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July 2012
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Guano is the excrement – feces and urine, of seabirds, cave dwelling bats, and seals.

Guano is the excrement – feces and urine, of seabirds, cave dwelling bats, and seals.


• Guano manure is an effective fertilizer.
• This is due to its high levels of phosphorus and nitrogen and its lack of odor.
• It was an important source of nitrates for gunpowder.
• Soil that is deficient in organic matter can be made more productive by addition of Guano.
• Bat and seal guano are lower in fertilizer value than bird guano.
• The word “guano” originates from the Quichua language of the Andes.
• It means “the droppings of sea birds”.
• Andean peoples collected guano from the coast of Peru for use as soil en-richer.
• The rulers of the Inca Empire assigned great value to guano.
• They restricted access to it.
• They also punished any disturbance to the birds with death.
• Guano has been harvested over several centuries along the coast of Peru.
• The Guanay Cormorant has historically been the most important producer of guano.
• Its guano is richer in nitrogen than guano from other seabirds.
• Other important guano producing species off the coast of Peru are the Peruvian Pelican and the Peruvian Booby.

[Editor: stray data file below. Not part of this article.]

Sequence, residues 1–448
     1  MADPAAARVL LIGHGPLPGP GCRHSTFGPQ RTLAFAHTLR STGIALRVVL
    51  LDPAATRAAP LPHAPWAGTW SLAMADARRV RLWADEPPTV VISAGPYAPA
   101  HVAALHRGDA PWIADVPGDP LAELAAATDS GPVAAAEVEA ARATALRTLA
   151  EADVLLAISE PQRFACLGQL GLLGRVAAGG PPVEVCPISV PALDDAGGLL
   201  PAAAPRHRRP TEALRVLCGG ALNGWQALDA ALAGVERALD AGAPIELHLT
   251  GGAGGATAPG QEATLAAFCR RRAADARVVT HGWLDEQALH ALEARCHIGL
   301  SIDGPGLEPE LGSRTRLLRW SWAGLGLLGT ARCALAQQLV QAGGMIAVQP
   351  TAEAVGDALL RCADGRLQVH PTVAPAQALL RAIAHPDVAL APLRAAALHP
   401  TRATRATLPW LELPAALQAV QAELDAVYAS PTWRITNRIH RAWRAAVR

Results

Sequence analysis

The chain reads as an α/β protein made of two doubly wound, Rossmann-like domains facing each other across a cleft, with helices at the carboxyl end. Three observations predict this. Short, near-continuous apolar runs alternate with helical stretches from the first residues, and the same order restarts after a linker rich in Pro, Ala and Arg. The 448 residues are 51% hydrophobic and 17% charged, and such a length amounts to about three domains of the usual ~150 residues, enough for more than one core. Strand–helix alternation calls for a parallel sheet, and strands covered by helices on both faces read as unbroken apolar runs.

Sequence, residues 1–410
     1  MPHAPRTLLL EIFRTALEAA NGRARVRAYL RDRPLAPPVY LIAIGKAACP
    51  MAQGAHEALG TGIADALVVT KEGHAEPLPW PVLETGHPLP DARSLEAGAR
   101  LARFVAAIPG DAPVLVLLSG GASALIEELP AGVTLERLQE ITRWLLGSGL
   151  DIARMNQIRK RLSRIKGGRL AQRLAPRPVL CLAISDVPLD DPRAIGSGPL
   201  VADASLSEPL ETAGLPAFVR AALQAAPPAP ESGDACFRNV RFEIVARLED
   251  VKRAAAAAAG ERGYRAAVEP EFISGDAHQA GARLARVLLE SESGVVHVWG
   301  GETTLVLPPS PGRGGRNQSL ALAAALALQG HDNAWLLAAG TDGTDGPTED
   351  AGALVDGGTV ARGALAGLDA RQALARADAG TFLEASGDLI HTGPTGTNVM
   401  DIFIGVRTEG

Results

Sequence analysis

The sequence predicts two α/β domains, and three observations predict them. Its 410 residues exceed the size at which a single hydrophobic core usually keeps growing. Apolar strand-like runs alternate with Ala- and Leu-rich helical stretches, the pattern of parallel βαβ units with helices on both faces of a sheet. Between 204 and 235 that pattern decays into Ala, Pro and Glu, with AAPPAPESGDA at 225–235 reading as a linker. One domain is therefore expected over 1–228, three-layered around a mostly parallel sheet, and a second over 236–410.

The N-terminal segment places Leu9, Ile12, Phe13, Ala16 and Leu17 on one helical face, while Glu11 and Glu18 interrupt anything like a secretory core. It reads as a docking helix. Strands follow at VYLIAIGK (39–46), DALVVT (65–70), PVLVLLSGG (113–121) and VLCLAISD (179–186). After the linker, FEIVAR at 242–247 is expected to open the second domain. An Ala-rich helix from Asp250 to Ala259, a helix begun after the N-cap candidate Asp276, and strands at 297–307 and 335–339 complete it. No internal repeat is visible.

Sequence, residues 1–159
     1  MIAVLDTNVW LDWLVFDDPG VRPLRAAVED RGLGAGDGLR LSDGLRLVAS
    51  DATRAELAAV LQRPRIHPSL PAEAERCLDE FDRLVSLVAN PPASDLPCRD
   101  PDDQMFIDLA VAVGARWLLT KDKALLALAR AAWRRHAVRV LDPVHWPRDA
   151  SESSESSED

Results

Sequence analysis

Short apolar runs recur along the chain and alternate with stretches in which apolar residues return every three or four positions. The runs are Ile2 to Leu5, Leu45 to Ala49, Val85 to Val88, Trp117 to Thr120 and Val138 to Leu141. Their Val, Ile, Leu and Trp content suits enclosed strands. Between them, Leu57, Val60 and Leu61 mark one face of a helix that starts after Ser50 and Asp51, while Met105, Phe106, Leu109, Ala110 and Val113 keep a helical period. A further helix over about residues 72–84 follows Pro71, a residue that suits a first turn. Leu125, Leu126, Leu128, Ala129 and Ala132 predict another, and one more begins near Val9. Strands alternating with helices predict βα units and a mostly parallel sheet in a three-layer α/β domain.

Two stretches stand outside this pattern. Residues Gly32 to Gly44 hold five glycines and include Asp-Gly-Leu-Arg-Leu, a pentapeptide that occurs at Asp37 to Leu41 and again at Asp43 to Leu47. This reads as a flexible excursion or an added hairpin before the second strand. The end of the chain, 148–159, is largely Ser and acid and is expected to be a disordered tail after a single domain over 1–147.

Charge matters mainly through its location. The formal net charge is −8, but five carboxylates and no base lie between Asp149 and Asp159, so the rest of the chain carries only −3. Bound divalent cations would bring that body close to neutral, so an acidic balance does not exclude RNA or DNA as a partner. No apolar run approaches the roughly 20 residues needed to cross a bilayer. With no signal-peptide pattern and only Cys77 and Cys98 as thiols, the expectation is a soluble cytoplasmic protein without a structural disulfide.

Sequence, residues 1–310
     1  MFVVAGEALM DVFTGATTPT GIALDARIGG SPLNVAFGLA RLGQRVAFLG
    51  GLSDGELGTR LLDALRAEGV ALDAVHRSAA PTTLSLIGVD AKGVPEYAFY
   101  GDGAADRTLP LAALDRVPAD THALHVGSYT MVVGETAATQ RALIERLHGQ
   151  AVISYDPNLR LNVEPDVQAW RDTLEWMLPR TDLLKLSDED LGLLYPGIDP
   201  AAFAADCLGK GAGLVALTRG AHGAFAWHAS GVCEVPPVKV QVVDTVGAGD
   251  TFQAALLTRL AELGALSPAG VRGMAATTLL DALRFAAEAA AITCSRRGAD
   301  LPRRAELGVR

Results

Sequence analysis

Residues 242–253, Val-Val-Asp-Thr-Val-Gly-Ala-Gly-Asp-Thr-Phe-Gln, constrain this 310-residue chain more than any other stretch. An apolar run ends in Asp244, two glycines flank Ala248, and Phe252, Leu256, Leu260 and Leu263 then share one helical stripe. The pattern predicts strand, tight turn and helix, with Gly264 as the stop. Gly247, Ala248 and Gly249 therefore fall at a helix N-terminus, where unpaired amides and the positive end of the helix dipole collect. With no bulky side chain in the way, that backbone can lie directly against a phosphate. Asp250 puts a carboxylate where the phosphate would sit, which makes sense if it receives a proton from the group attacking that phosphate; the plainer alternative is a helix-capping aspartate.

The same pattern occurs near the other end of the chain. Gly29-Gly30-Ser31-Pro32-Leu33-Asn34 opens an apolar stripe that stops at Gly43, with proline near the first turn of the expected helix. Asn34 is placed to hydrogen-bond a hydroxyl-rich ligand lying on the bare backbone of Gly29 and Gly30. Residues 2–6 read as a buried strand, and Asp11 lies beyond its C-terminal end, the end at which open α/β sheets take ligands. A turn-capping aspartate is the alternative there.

Composition of Guano

Guano consists of:
• Ammonium oxalate
• Urate
• Phosphates
• Some earth salts
• Impurities
• High concentration of nitrates

Bird guano has a fertilizer analysis of:
• 11 to 16 percent nitrogen.
• 8 to 12 percent equivalent phosphoric acid.
• 2 to 3 percent equivalent potash.

Sourcing of Guano

• The ideal type of guano is found in exceptionally dry climates.
• Rainwater drains the guano of nitrates.
• Guano is harvested on various islands in the Pacific Ocean and in other oceans.
• For example, the Chincha Islands and Juan de Nova Island and Christmas Island.
• These islands have been home to mass seabird colonies for many centuries.
• The guano has collected to a depth of many meters.
• In the 19th century, Peru was famous for its supply of guano.
• Bat guano is usually mined in caves.
• This mining is associated with a corresponding loss of troglobytic biota and diminishing of biodiversity.
• Guano deposits support a great variety of cave-adapted invertebrate species.
• Bat feces as their sole nutrient input.
• Deep guano deposits contain local pale climatic records in strata that have built up over thousands of years.
• These are unrecoverable once disturbed.
• The greatest damage caused by mining to caves with extant guano deposits is to the bat colonies themselves.
• Bats are highly vulnerable to regular disturbance to their roosts.
• Some species, such as Phyllonycteris aphylla, have low fat reserves.
• These will starve to death when regularly disturbed.
• Many species will drop pups when in panic.
• This leads to a steady reduction in population.

Properties of Guano

• Guano has a number of uses in agriculture and gardening.
This includes:
– Soil builder
– Lawn treatments
– Fungicide (when fed to plants through the leaves)
– Nematicide (decomposing microbes help control nematodes)
– As composting activator (nutrients and microbes speed up decomposition)

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